Punarvasu, aka: Punarvasū, Punar-vasu; 11 Definition(s)
Punarvasu means something in Buddhism, Pali, Hinduism, Sanskrit, Marathi. If you want to know the exact meaning, history, etymology or English translation of this term then check out the descriptions on this page. Add your comment or reference to a book if you want to contribute to this summary article.
Jyotisha (astronomy and astrology)
Punarvasu (पुनर्वसु):—Name for a particular section of the ecliptic. It is also known as Punarvasunakṣatra. Nakṣatra means “Lunar mansion” and corresponds to a specific region of the sky through which the moon passes each day. Punarvasu means “the two restorers of goods” and is associated with the deity known as Aditi (Goddess of space). The presiding Lord of this lunar house is Guru (Jupiter). Also known as the Yamakau-nakṣatra.
Indian zodiac: |20° Mithuna| – |3°20' Karka|
Mithuna (मिथुन, ‘twins’) corresponds with Gemini and Karka (कर्क, “crab”) corresponds with Cancer.
Western zodiac: |16°| – |29°20' Cancer|
Cancer corresponds with Karka (कर्क, “crab”).
Jyotisha (ज्योतिष, jyotiṣa or jyotish) refers to ‘astronomy’ or “Vedic astrology” and represents the fifth of the six Vedangas (additional sciences to be studied along with the Vedas). Jyotisha concerns itself with the study and prediction of the movements of celestial bodies, in order to calculate the auspicious time for rituals and ceremonies.
Purana and Itihasa (epic history)
Punarvasu (पुनर्वसु).—(or Punarvasu-ātreya) An ancient preceptor of Āyurveda. He was the Guru of Agnideva author of the book 'Agniveśatantra' which is the basis of Carakasaṃhitā and also of his classmates like Bhela.
Punarvasu was the son of the sage Atri who was one of the spiritual sons of Brahmā. In support of this statement it can be found in many places in Caraku saṃhitā his name referred to as 'Atrisuta' or Atrinandana'.
Atri maharṣi was also a learned preceptor of Āyurveda According to Kaśyapasaṃhitā Devendra taught Āyur veda to Kaśyapa, Vaṣiṣṭha, Atri and Bhṛgu. The incomplete work 'Āyurvedacikitsātantra' by Atri was completed by Punarvasu according to Aśvaghoṣa. Punurvasu’s mother’s name was Candrabhāgā. Getting knowledge in Āyurveda from his father and also from Bharadvāja, Punarvasu became an authority on Āyurveda. His important work is 'Ātreyasaṃhitā'. There are about thirty prescriptions in his name. The prescriptions regarding 'Balātaila' and 'Amṛtāditaila' are found in Carakasaṃhitā.Source: archive.org: Puranic Encyclopaedia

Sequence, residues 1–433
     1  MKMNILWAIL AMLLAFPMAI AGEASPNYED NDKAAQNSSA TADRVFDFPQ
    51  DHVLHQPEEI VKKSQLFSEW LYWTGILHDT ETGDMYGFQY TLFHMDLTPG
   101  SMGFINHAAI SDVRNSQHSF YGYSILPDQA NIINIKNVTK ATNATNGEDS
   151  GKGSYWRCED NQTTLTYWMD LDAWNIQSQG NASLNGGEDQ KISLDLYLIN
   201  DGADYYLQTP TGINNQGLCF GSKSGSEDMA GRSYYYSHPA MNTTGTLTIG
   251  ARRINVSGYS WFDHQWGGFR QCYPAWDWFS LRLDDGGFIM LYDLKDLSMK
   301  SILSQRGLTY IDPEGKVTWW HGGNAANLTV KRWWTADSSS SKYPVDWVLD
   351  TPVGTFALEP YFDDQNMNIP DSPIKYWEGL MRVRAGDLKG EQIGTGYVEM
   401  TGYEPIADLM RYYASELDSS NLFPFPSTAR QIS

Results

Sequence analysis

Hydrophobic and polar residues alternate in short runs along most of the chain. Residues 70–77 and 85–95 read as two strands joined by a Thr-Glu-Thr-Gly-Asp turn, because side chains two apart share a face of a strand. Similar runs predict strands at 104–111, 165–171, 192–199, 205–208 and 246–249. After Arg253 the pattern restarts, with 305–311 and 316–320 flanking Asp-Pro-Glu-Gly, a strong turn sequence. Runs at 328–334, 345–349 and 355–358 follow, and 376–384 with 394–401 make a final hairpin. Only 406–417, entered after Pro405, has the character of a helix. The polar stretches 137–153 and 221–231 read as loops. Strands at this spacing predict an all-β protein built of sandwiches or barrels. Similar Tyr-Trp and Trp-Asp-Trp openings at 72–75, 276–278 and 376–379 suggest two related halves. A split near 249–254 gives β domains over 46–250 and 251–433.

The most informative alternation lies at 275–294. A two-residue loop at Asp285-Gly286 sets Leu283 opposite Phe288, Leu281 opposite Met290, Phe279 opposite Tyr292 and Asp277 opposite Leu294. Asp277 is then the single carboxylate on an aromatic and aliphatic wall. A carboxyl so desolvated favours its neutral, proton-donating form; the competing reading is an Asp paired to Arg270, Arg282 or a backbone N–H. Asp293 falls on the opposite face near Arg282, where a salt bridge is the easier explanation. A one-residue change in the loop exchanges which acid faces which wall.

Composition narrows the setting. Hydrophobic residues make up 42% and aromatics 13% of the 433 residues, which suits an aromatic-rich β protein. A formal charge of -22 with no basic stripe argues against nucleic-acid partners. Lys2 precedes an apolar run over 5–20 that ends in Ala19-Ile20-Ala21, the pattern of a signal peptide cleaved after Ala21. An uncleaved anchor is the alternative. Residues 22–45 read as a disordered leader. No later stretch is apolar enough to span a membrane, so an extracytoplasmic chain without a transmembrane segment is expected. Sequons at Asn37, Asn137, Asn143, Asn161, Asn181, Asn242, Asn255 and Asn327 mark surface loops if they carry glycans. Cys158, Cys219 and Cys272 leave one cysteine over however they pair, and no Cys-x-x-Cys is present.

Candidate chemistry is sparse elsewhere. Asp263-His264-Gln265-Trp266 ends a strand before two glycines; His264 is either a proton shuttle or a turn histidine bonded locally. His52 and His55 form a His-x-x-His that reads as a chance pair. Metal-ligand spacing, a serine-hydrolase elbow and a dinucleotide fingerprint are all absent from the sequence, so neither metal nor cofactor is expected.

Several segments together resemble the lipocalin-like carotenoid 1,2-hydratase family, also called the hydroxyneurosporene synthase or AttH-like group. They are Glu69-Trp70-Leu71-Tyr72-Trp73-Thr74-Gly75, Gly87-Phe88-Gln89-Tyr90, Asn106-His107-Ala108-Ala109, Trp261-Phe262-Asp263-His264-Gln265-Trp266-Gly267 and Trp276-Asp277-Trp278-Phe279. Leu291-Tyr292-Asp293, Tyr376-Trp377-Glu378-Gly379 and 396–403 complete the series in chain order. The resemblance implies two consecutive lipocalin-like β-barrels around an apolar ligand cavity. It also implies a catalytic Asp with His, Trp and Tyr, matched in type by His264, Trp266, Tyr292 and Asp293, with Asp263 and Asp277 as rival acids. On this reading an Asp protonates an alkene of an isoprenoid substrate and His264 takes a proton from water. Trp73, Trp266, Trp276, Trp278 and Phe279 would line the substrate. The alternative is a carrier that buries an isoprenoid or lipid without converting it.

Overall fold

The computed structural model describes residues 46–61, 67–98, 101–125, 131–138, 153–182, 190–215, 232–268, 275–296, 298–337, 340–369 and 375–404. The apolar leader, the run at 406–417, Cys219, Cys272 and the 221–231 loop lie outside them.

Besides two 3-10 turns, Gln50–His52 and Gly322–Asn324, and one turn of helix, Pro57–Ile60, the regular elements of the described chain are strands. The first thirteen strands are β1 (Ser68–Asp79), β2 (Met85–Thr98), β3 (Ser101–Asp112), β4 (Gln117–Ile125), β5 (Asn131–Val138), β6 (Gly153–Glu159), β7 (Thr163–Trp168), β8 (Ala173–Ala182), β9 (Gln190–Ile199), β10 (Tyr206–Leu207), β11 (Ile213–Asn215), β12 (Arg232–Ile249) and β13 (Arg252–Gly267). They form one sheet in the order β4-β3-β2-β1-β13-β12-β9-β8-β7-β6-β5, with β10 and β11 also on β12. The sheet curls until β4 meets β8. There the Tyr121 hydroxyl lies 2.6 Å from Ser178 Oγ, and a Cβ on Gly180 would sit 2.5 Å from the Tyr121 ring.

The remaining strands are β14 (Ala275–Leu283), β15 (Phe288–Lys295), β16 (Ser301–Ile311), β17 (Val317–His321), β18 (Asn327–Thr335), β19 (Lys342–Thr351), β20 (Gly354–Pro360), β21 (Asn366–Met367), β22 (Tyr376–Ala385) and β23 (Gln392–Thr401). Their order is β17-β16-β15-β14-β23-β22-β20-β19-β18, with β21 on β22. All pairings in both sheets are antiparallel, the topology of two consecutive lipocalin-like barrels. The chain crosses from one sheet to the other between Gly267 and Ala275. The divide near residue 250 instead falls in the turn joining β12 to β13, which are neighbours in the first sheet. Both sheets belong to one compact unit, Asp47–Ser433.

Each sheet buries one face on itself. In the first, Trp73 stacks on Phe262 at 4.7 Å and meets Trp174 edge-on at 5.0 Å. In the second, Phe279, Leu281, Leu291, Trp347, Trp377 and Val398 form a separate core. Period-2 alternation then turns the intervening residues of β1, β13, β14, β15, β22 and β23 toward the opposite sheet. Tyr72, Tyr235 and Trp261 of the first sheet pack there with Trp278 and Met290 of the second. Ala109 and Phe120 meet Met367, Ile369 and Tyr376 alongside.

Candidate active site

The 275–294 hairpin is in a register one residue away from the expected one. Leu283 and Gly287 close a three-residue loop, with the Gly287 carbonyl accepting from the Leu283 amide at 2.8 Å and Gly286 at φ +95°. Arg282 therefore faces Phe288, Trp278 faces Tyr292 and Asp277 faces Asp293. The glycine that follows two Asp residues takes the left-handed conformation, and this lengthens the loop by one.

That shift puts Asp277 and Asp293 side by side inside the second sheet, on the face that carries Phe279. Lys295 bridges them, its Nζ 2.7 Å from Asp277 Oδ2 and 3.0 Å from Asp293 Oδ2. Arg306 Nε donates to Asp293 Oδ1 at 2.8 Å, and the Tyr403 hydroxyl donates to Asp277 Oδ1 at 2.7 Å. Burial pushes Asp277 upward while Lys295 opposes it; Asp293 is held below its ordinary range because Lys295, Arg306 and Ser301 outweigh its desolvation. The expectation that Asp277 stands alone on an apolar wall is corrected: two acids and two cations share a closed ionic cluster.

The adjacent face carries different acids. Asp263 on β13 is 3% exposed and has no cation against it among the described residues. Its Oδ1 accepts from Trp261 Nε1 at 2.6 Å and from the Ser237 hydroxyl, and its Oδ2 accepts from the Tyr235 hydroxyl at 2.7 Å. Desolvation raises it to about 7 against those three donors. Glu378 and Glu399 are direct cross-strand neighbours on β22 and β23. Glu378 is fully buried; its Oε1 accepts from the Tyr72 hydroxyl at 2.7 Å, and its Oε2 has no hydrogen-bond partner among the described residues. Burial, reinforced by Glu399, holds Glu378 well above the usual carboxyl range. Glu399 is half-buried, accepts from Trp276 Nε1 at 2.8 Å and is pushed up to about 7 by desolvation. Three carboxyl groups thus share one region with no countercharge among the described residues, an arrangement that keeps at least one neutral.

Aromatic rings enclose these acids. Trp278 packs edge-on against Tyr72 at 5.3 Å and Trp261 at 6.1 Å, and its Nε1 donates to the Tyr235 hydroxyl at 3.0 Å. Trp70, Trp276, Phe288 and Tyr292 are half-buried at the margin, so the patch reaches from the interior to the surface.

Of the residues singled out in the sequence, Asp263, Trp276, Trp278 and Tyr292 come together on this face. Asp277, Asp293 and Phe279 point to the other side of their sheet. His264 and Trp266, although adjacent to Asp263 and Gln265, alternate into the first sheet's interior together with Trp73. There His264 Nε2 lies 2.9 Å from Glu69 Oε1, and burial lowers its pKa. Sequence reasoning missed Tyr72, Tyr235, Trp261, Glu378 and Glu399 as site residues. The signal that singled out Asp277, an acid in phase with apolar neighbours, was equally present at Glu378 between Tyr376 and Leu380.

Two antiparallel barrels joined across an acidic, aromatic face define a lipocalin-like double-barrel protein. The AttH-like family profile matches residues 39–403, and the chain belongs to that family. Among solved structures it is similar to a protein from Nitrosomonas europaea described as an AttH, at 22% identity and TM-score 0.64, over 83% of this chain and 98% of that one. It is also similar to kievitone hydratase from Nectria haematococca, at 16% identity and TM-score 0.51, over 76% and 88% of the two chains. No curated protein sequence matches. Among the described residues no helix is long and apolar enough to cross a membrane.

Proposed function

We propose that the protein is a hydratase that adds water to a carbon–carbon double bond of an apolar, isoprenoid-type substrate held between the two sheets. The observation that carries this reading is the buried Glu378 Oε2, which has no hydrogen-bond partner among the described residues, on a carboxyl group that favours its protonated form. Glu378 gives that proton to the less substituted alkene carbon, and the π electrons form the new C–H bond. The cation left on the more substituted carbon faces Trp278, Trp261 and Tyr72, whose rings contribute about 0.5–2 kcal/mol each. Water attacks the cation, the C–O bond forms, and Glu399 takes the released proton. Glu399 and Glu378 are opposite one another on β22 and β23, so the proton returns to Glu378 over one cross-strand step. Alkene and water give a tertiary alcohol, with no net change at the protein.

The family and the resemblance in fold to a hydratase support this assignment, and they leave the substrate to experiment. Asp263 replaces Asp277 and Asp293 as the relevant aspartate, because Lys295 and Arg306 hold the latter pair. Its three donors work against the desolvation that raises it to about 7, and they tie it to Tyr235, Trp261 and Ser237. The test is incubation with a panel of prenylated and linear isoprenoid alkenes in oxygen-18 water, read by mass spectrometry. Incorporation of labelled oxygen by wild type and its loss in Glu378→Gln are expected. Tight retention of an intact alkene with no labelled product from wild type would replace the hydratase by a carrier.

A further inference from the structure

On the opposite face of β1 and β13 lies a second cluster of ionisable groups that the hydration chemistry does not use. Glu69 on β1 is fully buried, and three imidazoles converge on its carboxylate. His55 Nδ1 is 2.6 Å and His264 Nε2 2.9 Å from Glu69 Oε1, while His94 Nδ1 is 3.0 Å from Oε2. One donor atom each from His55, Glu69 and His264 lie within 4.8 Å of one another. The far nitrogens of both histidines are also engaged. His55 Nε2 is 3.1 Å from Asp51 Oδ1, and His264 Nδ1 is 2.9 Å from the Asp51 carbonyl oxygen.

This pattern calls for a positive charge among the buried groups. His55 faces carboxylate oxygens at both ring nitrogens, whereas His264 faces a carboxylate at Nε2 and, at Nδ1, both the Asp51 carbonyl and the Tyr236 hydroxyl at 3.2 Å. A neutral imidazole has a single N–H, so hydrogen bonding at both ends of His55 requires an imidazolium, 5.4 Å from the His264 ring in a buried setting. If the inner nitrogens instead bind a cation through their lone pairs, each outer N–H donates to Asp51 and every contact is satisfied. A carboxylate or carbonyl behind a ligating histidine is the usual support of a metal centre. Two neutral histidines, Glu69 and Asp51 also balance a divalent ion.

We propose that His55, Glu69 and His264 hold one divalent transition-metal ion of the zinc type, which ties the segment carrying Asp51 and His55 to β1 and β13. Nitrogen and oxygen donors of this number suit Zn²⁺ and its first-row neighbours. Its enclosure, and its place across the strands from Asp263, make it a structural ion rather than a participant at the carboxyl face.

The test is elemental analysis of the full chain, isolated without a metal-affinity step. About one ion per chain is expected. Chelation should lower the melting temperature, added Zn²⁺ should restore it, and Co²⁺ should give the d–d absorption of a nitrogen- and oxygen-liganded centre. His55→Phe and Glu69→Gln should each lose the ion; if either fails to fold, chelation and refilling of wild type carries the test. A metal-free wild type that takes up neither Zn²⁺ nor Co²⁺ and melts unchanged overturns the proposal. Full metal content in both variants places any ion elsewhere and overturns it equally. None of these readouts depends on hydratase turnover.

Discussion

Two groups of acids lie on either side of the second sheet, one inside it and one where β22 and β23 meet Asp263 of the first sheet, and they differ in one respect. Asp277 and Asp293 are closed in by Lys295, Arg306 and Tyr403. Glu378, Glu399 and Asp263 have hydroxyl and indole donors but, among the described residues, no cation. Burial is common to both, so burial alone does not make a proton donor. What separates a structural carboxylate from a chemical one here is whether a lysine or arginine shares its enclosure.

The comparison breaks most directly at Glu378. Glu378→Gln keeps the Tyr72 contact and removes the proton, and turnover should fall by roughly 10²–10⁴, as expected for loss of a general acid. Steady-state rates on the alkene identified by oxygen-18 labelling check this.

1a) Punarvasu (पुनर्वसु).—A Nakṣatra: Importance of Śrāddha on.*
- * Bhāgavata-purāṇa V. 23. 6; Vāyu-purāṇa 66. 48; 82. 4. Brahmāṇḍa-purāṇa III. 18. 4.
1b) A son of Daridyota.*
- * Bhāgavata-purāṇa IX. 24. 20-1.
1c) The son of Abhijit; performed Aśvamedha for the birth of a son; born in the middle of the yajña, atirātra portion; he had twins Āhuka and Āhukī.*
- * Brahmāṇḍa-purāṇa III. 71. 119, Vāyu-purāṇa 96. 118. Viṣṇu-purāṇa IV. 14. 14-5.
1d) A son of Nala.*
- * Matsya-purāṇa 44. 64-6.
The Purana (पुराण, purāṇas) refers to Sanskrit literature preserving ancient India’s vast cultural history, including historical legends, religious ceremonies, various arts and sciences. The eighteen mahapuranas total over 400,000 shlokas (metrical couplets) and date to at least several centuries BCE.
Punarvāsū (पुनर्वासू) refers to the seventh of twenty-seven constellations (ṛkṣa), according to the Mānasāra. It is als known by the name Yāmakau. Ṛkṣa is the third of the āyādiṣaḍvarga, or “six principles” that constitute the “horoscope” of an architectural or iconographic object. Their application is intended to “verify” the measurements of the architectural and iconographic object against the dictates of astrology that lay out the conditions of auspiciousness.
The particular nakṣatra, also known as ṛkṣa (eg., punarvāsū) of all architectural and iconographic objects (settlement, building, image) must be calculated and ascertained. This process is based on the principle of the remainder. An arithmetical formula to be used in each case is stipulated, which engages one of the basic dimensions of the object (breadth, length, or perimeter/circumference). In the context of village planning and measurement, the text sates that among the stars (ṛkṣa), the ones that are pūrṇa (odd), are auspicious and the ones that are karṇa (even), inauspicious.Source: Wisdom Library: Vāstu-śāstra
Vastushastra (वास्तुशास्त्र, vāstuśāstra) refers to the ancient Indian science (shastra) of architecture (vastu), dealing with topics such architecture, sculpture, town-building, fort building and various other constructions. Vastu also deals with the philosophy of the architectural relation with the cosmic universe.
General definition (in Hinduism)
Punarvasū (पुनर्वसू, ‘the two that give wealth again’) denotes the two stars, α and β Geminorum, on the heads of Castor and Pollux. The name is no doubt connected with the beneficent character of the Aśvins, who correspond to the Dioscuri.Source: archive.org: Vedic index of Names and Subjects
Mahayana (major branch of Buddhism)
1) Punarvasu (पुनर्वसु) refers to one of the twenty-seven constellations (nakṣatra) according to according to Mahāprajñāpāramitāśāstra (chapter XIV).—Punarvasu is the Sanskrit equivalent of Chinese Tsing, Tibetan Nabs-so and modern Geminorum.